An afternoon slump is one thing, feeling mentally exhausted is another Internet Explorer certificate. Learn how to fight the fatigue.
Fatigue goes by many names: tiredness, exhaustion, lethargy…the listlessness list goes on. We think of fatigue mostly in the physical sense. You feel out of breath after climbing up a few flights of stairs, or exhausted because you haven’t been sleeping well. Just as your body experiences fatigue, so does your brain. Your grey matter too can feel “tired” and “out of breath”.
What’s behind that brain fog?
The causes of mental fatigue are almost as endless as the names it is given. In the majority of cases, mental fatigue can be caused by continual mental effort and attention on one, or many, tasks, as well as high levels of stress or emotion. So it isn’t necessarily the result of one big event, but rather the constant, nagging, small things: when the volume of your tasks exceed your capacity to comfortably handle them.
Signs of mental fatigue
- Physical fatigue. Your body feels just as tired as your brain (even though you spent your whole day sitting at your desk) and you’d rather crash on your couch than head for the gym
- Impatience and Irritability. Short fuse alert! You become easily irritated, and quick to snap, shout or cry.
- Inability to concentrate. It becomes harder to finish your work, and tricky to make decisions, find the right word, or focus on one job at a time.
Over time, mental exhaustion can lead to full-blown burnout, physical illness, and stress-related illness. But, as soon as you realise why you’re feeling so tired, you can take steps to restore your mental energy and start to feel better.
How to bust yourself out of the slump and boost your mental energy
- Make fewer decisions. Decision making is a critical part of the job, but eliminate non job related decisions where you can. Have the same meal every Wednesday, or pick out your clothes the night before. By keeping some basic, routine decisions simple (or eliminating them altogether) you’ll have more mental energy to spend on decisions that really count.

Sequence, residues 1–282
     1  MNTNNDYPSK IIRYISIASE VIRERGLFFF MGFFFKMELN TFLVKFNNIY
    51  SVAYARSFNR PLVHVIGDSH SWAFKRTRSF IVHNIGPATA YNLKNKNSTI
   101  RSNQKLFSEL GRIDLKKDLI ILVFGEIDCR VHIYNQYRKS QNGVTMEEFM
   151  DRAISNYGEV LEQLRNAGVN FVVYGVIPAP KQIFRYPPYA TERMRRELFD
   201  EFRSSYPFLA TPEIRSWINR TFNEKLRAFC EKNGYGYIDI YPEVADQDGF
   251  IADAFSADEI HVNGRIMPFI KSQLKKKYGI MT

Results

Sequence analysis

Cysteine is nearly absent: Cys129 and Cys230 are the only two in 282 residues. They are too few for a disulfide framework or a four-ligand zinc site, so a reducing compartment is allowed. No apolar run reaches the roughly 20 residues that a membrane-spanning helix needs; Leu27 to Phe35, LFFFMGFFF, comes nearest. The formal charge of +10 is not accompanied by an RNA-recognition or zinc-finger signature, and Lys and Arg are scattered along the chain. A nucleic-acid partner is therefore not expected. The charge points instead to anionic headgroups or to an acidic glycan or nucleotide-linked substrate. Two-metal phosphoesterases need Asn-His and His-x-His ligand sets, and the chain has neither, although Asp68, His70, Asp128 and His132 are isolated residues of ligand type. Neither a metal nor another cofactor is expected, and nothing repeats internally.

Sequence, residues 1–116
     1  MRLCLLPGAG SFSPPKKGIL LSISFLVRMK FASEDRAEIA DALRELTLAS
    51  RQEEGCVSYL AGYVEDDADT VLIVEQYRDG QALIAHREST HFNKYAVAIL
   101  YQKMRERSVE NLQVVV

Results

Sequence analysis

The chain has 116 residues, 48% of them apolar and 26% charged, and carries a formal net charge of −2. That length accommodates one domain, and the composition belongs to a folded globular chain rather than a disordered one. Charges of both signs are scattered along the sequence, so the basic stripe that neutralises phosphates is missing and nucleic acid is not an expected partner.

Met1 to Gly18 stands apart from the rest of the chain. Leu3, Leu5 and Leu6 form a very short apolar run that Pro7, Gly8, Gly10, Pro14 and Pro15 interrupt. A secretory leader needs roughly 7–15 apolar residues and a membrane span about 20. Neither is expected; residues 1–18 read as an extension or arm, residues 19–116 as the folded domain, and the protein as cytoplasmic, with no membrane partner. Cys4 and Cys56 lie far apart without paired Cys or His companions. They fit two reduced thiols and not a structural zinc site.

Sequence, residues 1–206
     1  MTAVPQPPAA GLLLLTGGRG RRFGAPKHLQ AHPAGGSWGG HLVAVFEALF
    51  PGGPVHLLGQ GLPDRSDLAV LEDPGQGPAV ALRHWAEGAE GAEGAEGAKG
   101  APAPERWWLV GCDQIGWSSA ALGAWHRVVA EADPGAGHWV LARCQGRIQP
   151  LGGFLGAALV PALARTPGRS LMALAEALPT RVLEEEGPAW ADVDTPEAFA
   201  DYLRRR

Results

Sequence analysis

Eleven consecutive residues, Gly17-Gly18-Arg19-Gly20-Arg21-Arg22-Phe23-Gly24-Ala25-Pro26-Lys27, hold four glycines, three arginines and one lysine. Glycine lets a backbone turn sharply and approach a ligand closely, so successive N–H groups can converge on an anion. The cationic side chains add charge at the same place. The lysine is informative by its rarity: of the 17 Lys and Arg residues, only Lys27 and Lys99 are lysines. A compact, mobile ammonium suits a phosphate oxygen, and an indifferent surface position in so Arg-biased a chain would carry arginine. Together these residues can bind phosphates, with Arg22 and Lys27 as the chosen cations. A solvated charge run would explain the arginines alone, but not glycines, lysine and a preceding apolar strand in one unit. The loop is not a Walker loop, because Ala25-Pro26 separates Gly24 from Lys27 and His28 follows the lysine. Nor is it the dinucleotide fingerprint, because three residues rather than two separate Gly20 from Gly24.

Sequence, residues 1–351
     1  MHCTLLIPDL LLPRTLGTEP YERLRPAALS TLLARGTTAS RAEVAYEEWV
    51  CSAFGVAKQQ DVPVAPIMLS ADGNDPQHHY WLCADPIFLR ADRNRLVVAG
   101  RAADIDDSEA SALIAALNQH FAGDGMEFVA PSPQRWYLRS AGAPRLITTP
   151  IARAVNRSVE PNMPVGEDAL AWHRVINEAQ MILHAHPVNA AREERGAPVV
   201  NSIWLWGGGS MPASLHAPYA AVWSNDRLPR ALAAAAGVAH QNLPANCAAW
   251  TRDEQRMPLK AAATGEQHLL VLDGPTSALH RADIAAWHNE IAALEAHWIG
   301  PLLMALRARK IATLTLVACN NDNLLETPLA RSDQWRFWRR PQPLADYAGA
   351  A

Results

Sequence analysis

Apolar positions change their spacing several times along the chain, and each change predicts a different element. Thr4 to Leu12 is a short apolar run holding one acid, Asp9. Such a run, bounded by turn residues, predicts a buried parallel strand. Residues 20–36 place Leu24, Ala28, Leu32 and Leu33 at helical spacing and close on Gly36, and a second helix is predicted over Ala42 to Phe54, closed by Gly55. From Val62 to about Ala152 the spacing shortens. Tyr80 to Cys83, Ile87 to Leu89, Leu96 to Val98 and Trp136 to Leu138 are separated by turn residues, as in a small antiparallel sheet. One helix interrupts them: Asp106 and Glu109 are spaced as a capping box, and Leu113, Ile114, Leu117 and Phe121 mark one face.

- Declutter your mind. Do this by delegating, setting reminders, taking notes, and keeping a calendar. Write things down! Do what you can to keep as much of your “to-do list” outside of your brain.
- Go green. Take a mini-break and look out the window. Studies show that just one minute of looking at grassy areas can improve concentration.
- Get up and move. Exercise increases blood flow to the brain, bringing with it extra oxygen and nutrients to tired brain cells. Double up on exercise’s energizing effect by stepping outside. Exposure to sunshine not only gives you a healthy dose of vitamin D (an important energy booster) but also reminds your body clock that its daytime, which gives your mental energy an automatic lift.
- Choose brain food. Your brain uses more energy than any other of your organs, using up to 20% of your daily energy intake. Feed the beast! Choose nutrient dense options that balance out energy throughout the day. A sugary treat might make you feel great temporarily, but when your sugar levels drop, so does your mental energy.
- Take a mental health break. Whether it’s a mini-break or a week away, time off is essential to fighting mental fatigue. You can do this even on your busiest days by making sure you take a regular lunch break. If a lunch break isn’t an option, set aside 10 minutes to simply sit, breathe and gather your thoughts.